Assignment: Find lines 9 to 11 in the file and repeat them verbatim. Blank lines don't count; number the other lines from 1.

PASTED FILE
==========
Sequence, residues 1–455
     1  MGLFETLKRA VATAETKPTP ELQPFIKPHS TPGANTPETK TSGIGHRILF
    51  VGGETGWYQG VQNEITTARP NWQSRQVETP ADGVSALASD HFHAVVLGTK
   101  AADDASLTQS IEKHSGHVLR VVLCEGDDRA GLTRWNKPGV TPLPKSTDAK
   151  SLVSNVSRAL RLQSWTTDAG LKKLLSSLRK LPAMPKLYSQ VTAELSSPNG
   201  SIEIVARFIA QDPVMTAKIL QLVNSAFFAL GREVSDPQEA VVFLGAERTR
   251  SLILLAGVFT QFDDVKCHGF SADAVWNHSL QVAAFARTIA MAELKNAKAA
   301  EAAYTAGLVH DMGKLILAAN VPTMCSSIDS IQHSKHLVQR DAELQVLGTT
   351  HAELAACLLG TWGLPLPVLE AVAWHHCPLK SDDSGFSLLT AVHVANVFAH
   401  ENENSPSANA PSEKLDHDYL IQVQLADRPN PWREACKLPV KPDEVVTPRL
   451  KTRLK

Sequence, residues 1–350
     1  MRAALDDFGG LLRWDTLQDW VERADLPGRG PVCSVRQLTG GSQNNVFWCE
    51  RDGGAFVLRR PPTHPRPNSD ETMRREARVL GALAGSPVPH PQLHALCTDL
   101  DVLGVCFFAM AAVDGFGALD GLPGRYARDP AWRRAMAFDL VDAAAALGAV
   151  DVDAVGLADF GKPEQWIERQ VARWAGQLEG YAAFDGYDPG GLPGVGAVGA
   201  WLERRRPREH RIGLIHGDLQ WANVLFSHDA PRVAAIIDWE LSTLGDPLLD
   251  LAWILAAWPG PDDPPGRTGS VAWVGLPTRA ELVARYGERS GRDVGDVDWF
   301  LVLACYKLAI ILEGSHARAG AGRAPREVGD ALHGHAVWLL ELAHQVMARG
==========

   351  HAELAACLLG TWGLPLPVLE AVAWHHCPLK SDDSGFSLLT AVHVANVFAH
   401  ENENSPSANA PSEKLDHDYL IQVQLADRPN PWREACKLPV KPDEVVTPRL
   451  KTRLK